The impact of socioeconomic factors on the uptake of disease prevention measures.
|Funding:||'Society and Ethics Research Fellowship', Wellcome Trust|
Population ageing is likely to result in an increase in the burden of non-communicable diseases such as cardiovascular diseases, cancer or type 2 diabetes for which age is a major risk factor. However, many of these diseases can be prevented; for example, according to the World Health Organization, at least one third of all cancer cases are preventable. In addition, early detection (e.g. through screening) can reduce the risk of later complications and mortality. Therefore, prevention and early detection play a major role in maintaining the health of an ageing population.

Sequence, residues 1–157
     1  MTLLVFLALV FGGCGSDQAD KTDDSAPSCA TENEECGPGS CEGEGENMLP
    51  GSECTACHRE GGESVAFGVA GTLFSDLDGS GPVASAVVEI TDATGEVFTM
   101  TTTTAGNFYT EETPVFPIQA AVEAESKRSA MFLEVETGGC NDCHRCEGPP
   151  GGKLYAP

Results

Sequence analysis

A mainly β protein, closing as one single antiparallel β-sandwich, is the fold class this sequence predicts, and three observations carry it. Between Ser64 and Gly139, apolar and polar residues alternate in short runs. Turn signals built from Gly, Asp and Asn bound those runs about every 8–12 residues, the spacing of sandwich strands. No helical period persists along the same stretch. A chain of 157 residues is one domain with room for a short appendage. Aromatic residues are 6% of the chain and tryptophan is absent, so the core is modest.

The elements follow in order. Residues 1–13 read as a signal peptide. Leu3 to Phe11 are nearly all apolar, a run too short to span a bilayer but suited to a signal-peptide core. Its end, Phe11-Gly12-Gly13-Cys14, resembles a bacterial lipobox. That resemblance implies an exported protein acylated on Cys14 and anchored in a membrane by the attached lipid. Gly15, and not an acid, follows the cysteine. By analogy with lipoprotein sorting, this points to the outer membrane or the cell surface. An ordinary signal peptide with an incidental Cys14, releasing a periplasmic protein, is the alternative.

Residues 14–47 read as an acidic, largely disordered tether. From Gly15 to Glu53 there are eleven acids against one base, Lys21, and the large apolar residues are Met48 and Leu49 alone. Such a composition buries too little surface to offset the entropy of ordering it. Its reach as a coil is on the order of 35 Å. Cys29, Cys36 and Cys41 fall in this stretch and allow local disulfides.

However, uptake of healthy behaviours and early-detection programmes by older adults is often below desired levels. For example, more than two-thirds of older adults in the US fail to meet government guidelines for physical activity. Similarly, uptake of bowel cancer screening in England between 2012 and 2015 was just 58% with large regional variation.
This project aims to investigate the social and economic factors that affect uptake of healthy behaviour and screening programmes among individuals aged 50 and above. As part of this project, we will develop a new health economic model which will be used to derive hypotheses on the relationship between uptake of prevention and socioeconomic factors such as employment status. In the second part of the project, we will use econometric methods that allow the identification of causal relationships to test these hypotheses on international datasets, including for instance the English Longitudinal Study of Aging.